[continued from << Part 1]
The next round was a trio of Left Hand Milk Stouts. It's a tribute to the greatness of this beer that even "P" went over to the dark side! I like this beer! David joined us, and he quickly became a convert as well.
However, sometimes life presents you with a dilemma: someone ordered the Victory Golden Monkey which was also outstanding. Too strong for a manly glass, this 9.4% ABV wonder was served in a girly glass. It's very complex and spicy, like ginger and nutmeg. I think it might have been me who ordered the Trögenator Double Bock. This awesome brew was complex and yeasty, sweet and malty, with a very creamy feel. At 8.2%, it also came in a girly glass. We had an extremely hard time deciding between the light and dark.
Somewhere around this point, my chronology (and note-taking) got decidedly fuzzy. If I have this right, David and I tried the Brooklyn Brown Ale (5.5% ABV, from a cask). It was really fresh! In contrast to some of the other beers we'd been having, this one was mild and simple—but that's not necessarily a bad thing, is it? Somewhere in there, someone must have ordered a Blue Point Old Howling Bastard. One word: Strong!
Perhaps it's my wicked streak, but ultimately the dark side won me over: I had yet another Left Hand Milk Stout. David, meanwhile, started warming up to the Brevity Wit: "So freakin' smooth!"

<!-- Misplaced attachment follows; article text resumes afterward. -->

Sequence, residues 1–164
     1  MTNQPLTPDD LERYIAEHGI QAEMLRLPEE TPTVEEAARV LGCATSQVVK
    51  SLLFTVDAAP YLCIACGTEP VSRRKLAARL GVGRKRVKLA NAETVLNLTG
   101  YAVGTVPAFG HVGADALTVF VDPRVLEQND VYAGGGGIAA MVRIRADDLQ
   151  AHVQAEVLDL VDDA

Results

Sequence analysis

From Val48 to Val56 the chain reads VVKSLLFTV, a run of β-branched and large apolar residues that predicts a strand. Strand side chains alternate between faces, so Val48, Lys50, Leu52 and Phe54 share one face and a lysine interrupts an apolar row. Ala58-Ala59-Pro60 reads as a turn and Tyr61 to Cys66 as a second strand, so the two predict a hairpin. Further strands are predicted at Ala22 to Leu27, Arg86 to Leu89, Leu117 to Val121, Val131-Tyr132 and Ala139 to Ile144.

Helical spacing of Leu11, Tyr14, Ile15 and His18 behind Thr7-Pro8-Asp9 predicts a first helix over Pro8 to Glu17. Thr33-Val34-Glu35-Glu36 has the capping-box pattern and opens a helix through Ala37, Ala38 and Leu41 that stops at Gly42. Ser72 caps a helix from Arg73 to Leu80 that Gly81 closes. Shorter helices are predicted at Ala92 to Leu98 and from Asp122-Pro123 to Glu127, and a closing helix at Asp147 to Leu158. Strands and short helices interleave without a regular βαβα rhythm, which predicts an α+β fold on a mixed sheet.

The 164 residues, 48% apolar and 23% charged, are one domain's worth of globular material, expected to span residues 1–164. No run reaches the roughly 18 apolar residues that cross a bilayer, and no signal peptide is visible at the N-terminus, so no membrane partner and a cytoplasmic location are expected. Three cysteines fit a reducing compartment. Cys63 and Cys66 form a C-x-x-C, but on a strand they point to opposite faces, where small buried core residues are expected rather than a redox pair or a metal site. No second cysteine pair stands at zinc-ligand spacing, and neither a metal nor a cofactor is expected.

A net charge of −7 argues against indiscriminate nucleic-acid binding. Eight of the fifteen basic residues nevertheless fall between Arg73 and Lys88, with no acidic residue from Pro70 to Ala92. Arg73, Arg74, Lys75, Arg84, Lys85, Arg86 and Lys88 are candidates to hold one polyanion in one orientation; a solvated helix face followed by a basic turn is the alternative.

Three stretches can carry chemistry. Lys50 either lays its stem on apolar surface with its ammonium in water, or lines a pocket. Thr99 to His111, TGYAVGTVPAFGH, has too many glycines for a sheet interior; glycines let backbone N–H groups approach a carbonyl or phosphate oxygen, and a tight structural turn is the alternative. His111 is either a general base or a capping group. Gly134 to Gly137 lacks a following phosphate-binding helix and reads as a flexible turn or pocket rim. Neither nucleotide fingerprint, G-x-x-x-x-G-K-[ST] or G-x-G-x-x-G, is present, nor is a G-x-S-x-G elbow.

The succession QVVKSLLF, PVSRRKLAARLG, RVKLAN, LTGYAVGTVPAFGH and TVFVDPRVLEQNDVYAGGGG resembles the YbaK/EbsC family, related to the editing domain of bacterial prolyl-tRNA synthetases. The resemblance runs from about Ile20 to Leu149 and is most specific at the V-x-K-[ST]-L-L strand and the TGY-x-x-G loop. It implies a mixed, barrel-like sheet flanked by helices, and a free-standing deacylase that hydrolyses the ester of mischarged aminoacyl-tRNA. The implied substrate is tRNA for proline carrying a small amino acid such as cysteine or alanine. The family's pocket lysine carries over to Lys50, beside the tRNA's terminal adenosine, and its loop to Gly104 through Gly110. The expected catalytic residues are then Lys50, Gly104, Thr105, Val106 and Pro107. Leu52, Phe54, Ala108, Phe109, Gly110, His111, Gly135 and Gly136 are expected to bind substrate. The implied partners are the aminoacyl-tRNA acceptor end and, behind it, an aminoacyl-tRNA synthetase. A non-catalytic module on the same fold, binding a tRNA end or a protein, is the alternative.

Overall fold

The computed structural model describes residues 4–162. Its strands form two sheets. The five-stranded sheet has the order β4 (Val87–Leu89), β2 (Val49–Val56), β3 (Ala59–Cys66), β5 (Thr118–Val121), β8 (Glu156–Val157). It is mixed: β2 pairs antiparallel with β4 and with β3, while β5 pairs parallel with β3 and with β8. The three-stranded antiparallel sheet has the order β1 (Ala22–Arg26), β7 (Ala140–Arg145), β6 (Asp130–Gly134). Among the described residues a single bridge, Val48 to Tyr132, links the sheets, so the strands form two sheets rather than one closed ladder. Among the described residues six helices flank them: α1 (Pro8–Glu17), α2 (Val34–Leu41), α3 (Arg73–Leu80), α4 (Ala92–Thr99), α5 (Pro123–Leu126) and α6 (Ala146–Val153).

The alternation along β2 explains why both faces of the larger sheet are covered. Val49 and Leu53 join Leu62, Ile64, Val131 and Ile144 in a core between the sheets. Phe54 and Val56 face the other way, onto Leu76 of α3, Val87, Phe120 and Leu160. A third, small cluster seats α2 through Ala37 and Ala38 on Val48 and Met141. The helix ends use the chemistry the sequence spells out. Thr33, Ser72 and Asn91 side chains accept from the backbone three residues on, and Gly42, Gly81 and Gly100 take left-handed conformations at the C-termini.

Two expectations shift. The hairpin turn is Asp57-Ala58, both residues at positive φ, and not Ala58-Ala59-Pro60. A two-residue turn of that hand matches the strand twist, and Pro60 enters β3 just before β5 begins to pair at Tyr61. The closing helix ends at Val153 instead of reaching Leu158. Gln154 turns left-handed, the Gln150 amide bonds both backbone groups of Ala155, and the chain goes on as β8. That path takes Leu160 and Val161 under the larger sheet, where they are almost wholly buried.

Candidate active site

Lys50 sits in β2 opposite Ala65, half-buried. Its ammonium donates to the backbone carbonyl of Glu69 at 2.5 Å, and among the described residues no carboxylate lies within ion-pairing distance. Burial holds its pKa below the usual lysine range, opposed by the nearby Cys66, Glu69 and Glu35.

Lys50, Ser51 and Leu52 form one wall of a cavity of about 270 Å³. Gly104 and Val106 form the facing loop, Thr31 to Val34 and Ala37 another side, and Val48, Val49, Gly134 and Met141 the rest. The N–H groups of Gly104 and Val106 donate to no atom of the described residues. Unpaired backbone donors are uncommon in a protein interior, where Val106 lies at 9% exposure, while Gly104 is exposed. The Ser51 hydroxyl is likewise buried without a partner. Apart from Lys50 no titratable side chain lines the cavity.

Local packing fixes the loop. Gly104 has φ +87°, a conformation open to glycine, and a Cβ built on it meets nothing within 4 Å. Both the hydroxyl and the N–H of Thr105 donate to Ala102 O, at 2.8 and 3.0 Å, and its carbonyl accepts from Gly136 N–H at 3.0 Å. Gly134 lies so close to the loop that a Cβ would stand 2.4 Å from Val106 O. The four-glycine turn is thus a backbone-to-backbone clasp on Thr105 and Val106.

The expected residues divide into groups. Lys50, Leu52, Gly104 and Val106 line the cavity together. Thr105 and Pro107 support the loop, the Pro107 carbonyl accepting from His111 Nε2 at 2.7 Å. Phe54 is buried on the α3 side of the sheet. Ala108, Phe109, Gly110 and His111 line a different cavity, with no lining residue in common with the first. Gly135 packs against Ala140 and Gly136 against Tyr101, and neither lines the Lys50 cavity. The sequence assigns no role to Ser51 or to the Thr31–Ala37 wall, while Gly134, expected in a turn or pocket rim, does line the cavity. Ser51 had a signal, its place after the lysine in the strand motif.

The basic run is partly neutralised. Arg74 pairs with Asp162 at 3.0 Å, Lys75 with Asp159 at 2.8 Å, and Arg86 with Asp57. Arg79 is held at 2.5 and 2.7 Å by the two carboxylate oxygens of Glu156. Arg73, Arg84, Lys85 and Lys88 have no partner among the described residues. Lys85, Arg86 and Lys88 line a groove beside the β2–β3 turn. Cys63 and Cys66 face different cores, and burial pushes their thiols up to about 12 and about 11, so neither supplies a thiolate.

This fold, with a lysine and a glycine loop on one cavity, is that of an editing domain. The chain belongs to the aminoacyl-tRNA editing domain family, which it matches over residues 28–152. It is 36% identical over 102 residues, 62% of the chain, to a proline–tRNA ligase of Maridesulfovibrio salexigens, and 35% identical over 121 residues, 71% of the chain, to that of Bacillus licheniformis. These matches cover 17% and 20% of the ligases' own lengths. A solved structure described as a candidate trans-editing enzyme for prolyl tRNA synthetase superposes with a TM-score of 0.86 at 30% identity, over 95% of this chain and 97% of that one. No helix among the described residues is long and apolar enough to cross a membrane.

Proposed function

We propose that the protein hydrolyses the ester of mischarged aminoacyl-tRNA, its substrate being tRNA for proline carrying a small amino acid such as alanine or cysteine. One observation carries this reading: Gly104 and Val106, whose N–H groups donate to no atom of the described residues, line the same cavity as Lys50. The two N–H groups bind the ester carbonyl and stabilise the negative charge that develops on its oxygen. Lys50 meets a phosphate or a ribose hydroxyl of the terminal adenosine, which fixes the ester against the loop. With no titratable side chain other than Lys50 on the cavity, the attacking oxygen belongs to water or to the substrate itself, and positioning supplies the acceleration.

After an astonishing amount of beer, it was time for me to head home. I think it was David who dragged me off to Rudys [?] somewhere in the 40s on 9th Ave.. David ordered me something blonde, no idea what it was, really, or how it tasted. I just remember that the place was packed and loud as hell. We chatted for a while with Ashley, whose goal in life (I think) is to become a cake architect.
My notes tell me this was followed by a trip to McD's for a "meal of shame"—no doubt something to offset the effects of ethanol. I have a vague memory of standing on the 7 Train platform scarfing this down. Fortunately, somehow I managed to get onto the last train out (1:56 AM) and get off at the right station, where the wife (bless her soul) was waiting to pick me up.
All in all, it was a fantastic DNO, with an unusually large number of terrific beers, some of which came from unexpected breweries, such as Six Point and Victory. We were well attended to, thanks to barkeeps Sam and Mariana, and the company could not have been finer.
n., gir′ ⋅ li ⋅ glas, A small glass, usually 10 oz. in capacity and often tulip or goblet-shaped, used to hold beer with an elevated alchohol content, or an especially expensive/rare beer. (a combination of Middle English gurle, young woman, + Old English glæs, a drinking vessel).